KDNuggets - Top 10 trends in text analytics

Data Driven Business recently interviewed forward thinking text analytics professionals from leading companies like Bank of America, Home Depot and PayPal, on challenges they are face, overcoming them, and the industry as a whole.
Alesia Siuchykava, Data Driven Business/Text Analytics News, Nov 13, 2013.


Data Driven Business recently conducted interviews with text analytics professionals from a number of leading companies and identified 10 trends in text analytics that can be observed over the next 6-12 months.

1. Fusion of text (unstructured) data with structured data ...

2. Increase in interest in multilingual text analytics. ...

3. Algorithmic understanding of social media comments. ...

4. Commercialization of sentiment detection. ...

5. Finding trends and trending events in news streams. ...

6. More built-in visualization capabilities. ...

7. Streaming real-time text analytics. ...

8. Use of text analytics for getting insights from unstructured Big Data. ...

9. Advances in machine learning. ...

10. Integration of different capabilities. ...

Some interesting thoughts in, and on, these trends. Note the common themes? Big Data, real-time, social...

Monday, October 28, 2013

"Theory and Applications for Advanced Text Mining" Open eBook...

Intech - Computer and Information Science - Information and Knowledge Engineering - Theory and Applications for Advanced Text Mining

Edited by Shigeaki Sakurai, ISBN 978-953-51-0852-8, 218 pages, Publisher: InTech, Chapters published November 21, 2012 under CC BY 3.0 license DOI: 10.5772/3115

Due to the growth of computer technologies and web technologies, we can easily collect and store large amounts of text data. We can believe that the data include useful knowledge. Text mining techniques have been studied aggressively in order to extract the knowledge from the data since late 1990s. Even if many important techniques have been developed, the text mining research field continues to expand for the needs arising from various application fields. This book is composed of 9 chapters introducing advanced text mining techniques. They are various techniques from relation extraction to under or less resourced language. I believe that this book will give new knowledge in the text mining field and help many readers open their new research fields.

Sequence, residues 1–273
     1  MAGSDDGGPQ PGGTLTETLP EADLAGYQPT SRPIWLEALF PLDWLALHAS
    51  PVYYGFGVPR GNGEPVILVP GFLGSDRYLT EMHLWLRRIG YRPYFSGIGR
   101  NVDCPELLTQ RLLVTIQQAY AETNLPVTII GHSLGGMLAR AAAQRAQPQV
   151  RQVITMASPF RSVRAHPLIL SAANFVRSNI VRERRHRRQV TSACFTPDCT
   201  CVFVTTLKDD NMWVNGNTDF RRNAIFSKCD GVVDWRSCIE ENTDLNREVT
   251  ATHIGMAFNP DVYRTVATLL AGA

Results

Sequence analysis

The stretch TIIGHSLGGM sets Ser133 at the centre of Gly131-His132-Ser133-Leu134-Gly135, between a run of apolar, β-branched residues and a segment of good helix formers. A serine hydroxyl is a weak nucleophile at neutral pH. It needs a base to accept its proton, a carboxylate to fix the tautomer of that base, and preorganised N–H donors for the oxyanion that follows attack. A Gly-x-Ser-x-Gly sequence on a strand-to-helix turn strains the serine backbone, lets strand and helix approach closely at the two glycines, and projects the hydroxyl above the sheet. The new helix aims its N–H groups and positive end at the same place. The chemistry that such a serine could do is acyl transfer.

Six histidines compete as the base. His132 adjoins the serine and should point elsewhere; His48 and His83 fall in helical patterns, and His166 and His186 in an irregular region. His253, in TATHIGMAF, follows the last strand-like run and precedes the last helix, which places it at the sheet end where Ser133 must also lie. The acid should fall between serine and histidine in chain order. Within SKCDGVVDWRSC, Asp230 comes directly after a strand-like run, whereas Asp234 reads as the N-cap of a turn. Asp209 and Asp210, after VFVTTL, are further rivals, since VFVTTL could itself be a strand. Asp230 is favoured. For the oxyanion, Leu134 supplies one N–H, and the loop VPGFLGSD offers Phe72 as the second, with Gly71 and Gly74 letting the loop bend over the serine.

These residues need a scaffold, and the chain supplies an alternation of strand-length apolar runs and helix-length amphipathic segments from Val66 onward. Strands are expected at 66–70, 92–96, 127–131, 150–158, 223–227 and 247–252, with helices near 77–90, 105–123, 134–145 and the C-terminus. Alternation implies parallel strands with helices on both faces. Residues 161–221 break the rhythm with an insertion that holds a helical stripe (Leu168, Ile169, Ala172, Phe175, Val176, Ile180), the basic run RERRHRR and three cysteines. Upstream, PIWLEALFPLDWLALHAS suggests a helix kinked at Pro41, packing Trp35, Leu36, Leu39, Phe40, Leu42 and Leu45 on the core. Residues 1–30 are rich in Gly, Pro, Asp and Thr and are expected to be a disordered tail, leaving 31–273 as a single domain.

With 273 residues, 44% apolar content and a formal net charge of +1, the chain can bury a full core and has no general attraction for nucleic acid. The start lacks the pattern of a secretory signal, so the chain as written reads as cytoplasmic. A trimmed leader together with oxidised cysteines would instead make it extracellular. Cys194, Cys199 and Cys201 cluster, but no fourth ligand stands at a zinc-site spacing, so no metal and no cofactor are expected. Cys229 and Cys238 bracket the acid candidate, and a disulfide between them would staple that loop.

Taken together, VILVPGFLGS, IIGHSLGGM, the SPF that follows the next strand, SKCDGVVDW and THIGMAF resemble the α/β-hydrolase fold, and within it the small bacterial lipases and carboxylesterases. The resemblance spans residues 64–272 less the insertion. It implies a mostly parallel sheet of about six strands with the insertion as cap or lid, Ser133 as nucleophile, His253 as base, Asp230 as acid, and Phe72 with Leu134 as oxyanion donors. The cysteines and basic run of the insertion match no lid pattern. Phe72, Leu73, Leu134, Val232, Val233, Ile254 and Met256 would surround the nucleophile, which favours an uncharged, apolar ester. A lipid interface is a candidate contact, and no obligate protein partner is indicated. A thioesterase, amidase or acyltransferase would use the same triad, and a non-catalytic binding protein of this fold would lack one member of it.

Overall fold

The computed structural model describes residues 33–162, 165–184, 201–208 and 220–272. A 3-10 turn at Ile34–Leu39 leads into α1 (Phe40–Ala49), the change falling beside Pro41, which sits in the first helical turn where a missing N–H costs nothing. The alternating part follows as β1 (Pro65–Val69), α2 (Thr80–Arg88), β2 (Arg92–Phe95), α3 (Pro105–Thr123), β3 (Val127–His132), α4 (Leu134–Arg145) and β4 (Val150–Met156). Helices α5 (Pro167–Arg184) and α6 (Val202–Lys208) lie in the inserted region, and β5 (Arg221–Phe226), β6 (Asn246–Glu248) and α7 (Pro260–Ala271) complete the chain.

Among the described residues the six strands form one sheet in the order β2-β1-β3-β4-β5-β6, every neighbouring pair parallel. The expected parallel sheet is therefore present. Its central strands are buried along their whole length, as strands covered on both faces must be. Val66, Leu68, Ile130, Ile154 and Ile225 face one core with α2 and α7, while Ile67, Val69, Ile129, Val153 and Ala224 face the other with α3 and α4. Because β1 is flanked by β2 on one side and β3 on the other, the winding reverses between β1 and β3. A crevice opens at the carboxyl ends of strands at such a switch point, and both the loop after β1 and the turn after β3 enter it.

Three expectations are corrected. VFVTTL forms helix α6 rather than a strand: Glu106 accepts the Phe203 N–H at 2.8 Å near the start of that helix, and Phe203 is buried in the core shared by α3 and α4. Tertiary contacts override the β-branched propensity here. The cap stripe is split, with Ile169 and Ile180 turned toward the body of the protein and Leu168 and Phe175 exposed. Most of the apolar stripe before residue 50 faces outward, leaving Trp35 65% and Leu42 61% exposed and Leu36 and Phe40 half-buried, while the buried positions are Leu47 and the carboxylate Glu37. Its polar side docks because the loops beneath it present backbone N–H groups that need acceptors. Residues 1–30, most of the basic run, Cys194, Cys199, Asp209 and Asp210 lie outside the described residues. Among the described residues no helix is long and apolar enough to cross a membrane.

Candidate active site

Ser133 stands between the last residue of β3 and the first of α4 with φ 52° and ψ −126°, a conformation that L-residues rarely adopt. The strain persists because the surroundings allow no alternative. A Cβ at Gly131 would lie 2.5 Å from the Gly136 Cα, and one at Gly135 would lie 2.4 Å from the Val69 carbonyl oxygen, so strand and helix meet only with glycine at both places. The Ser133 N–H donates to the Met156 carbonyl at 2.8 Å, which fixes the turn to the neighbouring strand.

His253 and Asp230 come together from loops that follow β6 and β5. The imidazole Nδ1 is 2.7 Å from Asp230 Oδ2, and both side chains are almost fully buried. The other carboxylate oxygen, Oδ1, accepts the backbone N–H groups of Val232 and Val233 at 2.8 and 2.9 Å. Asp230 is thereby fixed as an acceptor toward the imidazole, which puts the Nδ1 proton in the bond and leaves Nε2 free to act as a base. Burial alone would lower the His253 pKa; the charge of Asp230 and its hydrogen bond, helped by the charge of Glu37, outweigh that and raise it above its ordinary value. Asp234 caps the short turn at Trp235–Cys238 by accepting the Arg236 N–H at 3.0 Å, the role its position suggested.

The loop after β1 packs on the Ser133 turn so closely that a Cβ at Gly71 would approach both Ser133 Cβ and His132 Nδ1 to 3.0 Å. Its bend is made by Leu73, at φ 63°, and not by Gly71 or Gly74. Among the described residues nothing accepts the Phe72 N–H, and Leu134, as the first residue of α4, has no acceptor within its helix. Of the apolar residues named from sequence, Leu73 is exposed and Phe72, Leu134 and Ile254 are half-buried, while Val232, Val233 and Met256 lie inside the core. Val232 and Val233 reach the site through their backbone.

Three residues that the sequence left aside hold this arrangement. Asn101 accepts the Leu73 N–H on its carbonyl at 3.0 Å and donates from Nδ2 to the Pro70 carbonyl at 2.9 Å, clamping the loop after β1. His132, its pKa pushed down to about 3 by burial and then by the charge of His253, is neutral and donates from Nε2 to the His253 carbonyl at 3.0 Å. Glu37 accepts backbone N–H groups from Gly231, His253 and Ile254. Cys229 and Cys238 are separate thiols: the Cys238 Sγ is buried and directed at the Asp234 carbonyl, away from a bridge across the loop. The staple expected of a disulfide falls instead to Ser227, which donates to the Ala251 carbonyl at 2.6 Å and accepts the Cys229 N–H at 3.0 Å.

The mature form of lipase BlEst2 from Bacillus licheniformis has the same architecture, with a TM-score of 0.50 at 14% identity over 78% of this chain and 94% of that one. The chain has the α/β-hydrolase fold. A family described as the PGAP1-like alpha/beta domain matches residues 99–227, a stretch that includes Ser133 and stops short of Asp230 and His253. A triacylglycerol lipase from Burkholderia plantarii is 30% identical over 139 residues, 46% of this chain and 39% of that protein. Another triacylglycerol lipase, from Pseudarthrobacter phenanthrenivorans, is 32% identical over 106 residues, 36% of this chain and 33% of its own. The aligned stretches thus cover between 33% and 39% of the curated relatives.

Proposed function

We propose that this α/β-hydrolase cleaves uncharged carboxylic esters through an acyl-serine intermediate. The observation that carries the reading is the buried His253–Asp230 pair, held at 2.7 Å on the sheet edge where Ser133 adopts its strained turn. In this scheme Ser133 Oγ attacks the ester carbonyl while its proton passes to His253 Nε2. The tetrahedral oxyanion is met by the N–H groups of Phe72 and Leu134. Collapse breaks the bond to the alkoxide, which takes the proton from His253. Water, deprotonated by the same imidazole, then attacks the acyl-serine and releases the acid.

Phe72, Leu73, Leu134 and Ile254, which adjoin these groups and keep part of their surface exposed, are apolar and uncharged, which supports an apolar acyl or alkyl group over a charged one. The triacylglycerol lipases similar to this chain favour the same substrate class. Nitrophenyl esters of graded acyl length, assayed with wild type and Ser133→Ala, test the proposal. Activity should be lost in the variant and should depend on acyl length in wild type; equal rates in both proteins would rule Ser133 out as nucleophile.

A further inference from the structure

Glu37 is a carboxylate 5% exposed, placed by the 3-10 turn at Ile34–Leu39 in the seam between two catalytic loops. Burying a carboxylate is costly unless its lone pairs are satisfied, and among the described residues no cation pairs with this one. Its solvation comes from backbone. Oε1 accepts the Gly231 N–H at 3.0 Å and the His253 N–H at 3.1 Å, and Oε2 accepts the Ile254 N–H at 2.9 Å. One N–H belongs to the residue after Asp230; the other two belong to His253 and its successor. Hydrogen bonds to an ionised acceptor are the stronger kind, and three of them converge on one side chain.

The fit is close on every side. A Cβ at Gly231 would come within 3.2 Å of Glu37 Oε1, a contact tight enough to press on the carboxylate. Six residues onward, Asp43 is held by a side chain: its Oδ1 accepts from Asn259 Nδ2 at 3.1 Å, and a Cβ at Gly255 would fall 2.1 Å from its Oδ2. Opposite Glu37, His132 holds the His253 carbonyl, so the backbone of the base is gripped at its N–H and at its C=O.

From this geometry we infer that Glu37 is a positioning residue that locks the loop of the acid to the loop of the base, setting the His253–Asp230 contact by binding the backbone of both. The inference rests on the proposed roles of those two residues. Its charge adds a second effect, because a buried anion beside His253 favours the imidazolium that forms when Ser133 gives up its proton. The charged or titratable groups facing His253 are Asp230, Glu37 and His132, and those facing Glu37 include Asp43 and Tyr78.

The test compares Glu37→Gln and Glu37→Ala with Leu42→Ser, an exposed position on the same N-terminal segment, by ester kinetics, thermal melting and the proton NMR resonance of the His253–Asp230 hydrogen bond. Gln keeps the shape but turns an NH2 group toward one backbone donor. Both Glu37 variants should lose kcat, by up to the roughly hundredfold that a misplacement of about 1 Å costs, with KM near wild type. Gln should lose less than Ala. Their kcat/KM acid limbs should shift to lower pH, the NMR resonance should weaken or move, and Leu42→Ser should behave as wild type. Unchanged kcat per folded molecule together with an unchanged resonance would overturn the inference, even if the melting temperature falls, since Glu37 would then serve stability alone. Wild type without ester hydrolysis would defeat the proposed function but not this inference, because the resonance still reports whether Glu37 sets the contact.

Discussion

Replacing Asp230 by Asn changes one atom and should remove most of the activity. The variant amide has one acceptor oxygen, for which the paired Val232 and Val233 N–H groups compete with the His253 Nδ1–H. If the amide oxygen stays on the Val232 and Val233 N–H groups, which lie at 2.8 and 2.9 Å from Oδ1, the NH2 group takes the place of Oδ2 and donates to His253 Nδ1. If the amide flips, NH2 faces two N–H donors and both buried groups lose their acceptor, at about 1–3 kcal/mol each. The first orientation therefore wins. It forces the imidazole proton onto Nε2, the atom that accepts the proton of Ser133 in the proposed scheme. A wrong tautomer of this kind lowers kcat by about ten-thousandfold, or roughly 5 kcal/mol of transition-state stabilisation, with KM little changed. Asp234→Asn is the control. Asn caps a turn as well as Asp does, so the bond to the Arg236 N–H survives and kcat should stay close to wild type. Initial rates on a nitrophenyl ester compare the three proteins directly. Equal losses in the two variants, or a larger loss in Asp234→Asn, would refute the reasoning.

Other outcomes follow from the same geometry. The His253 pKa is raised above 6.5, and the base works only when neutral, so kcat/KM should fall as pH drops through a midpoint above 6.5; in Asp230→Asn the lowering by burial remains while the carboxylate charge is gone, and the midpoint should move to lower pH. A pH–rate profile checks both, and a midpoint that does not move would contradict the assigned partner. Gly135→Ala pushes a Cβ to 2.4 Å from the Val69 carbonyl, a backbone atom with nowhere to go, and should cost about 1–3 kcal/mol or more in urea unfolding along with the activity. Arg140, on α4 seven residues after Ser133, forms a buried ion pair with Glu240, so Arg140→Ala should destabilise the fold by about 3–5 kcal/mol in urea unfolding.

Just published last year, this free eBook looks interesting (well to me anyway). Most of it is way over my head, but there's enough here that it looks like a good set of reads... Also the WordNet chapter, Ontology Learning Using Word Net Lexical Expansion and Text Mining, caught my eye.

(via KDNuggets - Free Book: Theory and Applications for Advanced Text Mining)


Related Past Post XRef:
"Statistical parsing of English sentences"
Feed Stream Analysis - Web Feed/Post Analysis to Group Like/Related Posts
SharpEntropy - Maximum Entropy Modeling

Mix OpenNLP, IKVM.Net and C# and you get some noun phrase and contextual relevance goodness

Friday, October 04, 2013

Comparing Sentiment Analysis REST API's

Skyttle Blog - A tool for evaluating Sentiment Analysis REST APIs

There is a growing number of Sentiment Analysis REST APIs out there, and the potential user is faced with a lot of choice. Accuracy of analysis is the most important factor, and the best way to see if an analyzer will perform well in the intended task, is to run different analyzers on a sample of your data, and compare their output with manually assigned sentiment labels.

To make it easier for potential users to run such experiments, we’ve released a small open-source project. The project implements clients to several Sentiment Analyzers: Alchemy, Bitext, Chatterbox, Datumbox, Repustate, Semantria, Skyttle, and Viralheat. As input, it takes a text file with short texts, each annotated as positive, negative or neutral, and outputs a spreadsheet where responses of each API are recorded, as well as an accuracy rate and an error rate calculated against the manual labels.